By Hairul Sobri
from Simpul Jaringan Pantau Gambut

The South Sumatra East Coast is known to be rich in peat. The construction of a bridge connecting the two islands will damage the peat.

The government is planning to build a bridge connecting Sumatra and the Bangka Belitung Islands. The construction site of the proposed bridge, i.e. the Bahtera Sriwijaya Bridge, has already been agreed upon.

The South Sumatra Provincial Government and the Bangka Islands Government have recently agreed on the construction site.

Located on the eastern coast of Sumatra Island, this bridge will closely connect the Trans Sumatra toll network interconnection. Out of the three construction sites considered, the Tanjung Tapa Village, Ogan Komering Ilir District was selected for the bridge construction. 

The Tanjung Tapa Village is considered to be closer to the road connected to the Kayuagung, OKI toll gate. The bridge is projected to be able to reduce travel time, via the toll road, to Java. The construction of the 15 km bridge is estimated to have cost Rp 15 trillion.

In the future, the bridge will be a paid bridge or toll bridge, similar to the Suramadu Bridge in Java.

The Tanjung Tapa Village topography is relatively deeply covered in peat. Therefore, the bridge construction will certainly threaten peat sustainability in South Sumatra. The government has not made the correct decision in choosing a coastal area that is rich in peat.

The Ogan Komering Ilir District in South Sumatra is known to be a district that is rich in peat. Its peat area is among the largest. The district government recorded that the peat area in their district reached 6,830 hectares.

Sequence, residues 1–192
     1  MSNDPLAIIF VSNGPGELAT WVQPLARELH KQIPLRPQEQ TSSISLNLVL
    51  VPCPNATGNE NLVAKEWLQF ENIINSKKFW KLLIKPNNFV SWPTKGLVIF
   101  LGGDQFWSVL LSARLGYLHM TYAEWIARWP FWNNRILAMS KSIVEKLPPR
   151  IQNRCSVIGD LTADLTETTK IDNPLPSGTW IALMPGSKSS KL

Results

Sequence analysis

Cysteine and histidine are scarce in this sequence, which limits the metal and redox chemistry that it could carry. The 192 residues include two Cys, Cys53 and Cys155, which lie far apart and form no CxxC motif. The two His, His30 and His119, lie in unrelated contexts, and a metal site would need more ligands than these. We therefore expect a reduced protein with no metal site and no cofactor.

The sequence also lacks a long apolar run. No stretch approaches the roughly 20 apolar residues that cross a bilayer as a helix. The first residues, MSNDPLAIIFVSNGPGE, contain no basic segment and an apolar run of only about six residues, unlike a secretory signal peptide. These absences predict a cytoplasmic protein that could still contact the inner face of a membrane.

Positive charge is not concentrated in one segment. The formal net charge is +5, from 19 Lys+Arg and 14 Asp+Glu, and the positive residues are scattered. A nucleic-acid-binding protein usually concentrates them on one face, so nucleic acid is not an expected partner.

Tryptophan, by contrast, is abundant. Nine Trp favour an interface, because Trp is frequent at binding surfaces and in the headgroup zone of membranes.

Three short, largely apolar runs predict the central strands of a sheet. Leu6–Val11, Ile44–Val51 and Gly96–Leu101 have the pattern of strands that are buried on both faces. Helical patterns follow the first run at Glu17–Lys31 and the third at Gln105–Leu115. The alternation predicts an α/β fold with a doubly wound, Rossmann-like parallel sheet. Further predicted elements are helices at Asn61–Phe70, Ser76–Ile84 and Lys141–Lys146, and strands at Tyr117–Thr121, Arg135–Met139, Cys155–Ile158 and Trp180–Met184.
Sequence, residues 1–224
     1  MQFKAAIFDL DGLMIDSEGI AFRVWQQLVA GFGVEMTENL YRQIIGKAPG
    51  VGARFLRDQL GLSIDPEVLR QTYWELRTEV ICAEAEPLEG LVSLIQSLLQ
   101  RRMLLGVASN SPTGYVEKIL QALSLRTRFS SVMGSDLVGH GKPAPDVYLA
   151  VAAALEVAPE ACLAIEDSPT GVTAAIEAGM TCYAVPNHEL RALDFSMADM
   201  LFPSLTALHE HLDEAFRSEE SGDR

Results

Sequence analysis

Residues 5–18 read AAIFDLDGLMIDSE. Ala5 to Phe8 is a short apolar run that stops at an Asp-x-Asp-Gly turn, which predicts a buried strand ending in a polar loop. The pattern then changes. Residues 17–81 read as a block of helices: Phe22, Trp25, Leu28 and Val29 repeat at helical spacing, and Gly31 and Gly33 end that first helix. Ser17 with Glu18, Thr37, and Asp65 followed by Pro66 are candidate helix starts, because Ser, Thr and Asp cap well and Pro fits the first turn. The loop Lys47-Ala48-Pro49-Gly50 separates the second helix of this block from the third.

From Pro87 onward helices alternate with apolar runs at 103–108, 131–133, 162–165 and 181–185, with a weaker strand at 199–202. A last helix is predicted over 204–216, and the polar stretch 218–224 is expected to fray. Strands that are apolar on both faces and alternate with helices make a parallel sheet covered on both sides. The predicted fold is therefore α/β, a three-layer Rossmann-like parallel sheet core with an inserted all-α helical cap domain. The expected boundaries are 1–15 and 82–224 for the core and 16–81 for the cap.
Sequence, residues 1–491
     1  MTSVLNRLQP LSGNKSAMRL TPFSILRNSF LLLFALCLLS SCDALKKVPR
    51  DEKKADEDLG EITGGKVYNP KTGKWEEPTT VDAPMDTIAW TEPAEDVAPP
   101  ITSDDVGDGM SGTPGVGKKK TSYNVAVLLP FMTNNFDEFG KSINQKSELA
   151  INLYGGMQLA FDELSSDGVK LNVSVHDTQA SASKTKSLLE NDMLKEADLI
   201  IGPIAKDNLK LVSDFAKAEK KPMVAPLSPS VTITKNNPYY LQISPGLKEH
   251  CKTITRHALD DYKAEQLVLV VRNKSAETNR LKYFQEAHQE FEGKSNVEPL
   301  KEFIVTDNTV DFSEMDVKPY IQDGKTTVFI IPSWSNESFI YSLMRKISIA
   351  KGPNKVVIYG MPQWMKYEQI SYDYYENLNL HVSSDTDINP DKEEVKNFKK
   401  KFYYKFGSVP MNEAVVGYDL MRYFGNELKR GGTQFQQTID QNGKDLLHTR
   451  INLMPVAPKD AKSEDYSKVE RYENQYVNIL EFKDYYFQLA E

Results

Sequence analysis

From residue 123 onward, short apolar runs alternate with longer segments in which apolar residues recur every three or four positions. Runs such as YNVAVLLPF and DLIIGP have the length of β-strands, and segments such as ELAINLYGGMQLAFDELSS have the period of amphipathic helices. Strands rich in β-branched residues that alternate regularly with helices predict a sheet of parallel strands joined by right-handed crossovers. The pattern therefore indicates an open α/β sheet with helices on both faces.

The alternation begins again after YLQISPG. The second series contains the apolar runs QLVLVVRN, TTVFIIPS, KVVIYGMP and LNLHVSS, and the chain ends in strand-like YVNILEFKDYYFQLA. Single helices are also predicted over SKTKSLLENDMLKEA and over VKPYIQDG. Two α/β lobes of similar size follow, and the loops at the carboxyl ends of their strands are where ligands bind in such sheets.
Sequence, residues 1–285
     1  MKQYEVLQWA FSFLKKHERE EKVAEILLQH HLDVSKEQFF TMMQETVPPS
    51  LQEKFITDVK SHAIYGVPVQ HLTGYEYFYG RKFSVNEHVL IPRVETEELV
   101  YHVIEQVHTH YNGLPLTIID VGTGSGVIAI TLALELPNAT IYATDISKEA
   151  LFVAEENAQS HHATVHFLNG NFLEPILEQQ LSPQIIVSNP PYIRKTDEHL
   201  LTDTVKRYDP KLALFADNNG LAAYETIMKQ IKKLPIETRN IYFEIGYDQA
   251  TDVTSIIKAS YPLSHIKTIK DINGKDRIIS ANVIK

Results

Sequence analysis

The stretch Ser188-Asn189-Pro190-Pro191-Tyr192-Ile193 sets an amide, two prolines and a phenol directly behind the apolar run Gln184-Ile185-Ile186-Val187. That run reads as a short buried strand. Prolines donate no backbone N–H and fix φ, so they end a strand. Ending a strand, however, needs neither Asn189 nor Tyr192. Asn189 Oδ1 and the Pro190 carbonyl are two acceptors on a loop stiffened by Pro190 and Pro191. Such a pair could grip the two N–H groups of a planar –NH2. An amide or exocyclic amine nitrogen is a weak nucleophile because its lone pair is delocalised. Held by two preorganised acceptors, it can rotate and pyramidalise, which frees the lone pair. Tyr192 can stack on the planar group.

The peat is mainly distributed in five Sub-Districts, namely the Cengal, Tulung Selapan, Pampangan, Pedamaran, and Mesuj Sub-Districts.

Tanjung Tapa Village is located in Tulung Selapan District. This inter-island bridge will certainly cause damage to the peat in the area.

The bridge construction will further disrupt the peat area in Ogan Komering Ilir, South Sumatra. The government clearly does not prioritize the environmental insights, such as the peat area, which supports the coastal ecosystem in the East Coast of Sumatra.

A large portion of peat areas have been damaged and the Bahtera Sriwijaya bridge construction will exacerbate the damage to the peat in the area. The bridge construction as a means of transportation will definitely open up other developments which will be located in the peat areas in Ogan Komering Ilir District.

The bridge construction will promote the development of residential areas, warehouses, and other business areas, such as docks.

Damages to the East Coast of Sumatra are a serious threat, considering that this is the mangrove area for  Sumatra island. The government is very clear in using the economy or accelerating development as the pretext, but they are neglecting the environmental aspects in doing so.

The destruction of peatlands also encourages the potential for more forest and land fires. Changes in peat topography will convert South Sumatra's peatland into mineral land.

Peat damage is damaging to the South Sumatra ecosystem. The major function offered by the peat to the environment will be lost and will cause other damage, e.g. the loss of habitat for the fauna and flora.

Not to mention, the potential damage to the environment that could occur when the peat has been eroded. Therefore, the Government should conduct an environmental impact analysis for the bridge construction.

The main environmental aspect is the loss of peat contribution to the environment. Imagine how it will change the function of aquatic habitats, which will result in the loss of aquatic species habitats, when mangrove forests, which acts as the last bastion of protection against sea abrasion, are gone.

The construction of this bridge could be viewed as a threat that could submerge the East Coast or the Island of Sumatra.

Can the Government prioritize the role of peat in the construction of this bridge? It seems impossible.


*This opinion was conveyed by the Executive Director of Walhi South Sumatra well as the Coordinator of Pantau Gambut South Sumatra, Hairul Sobri.



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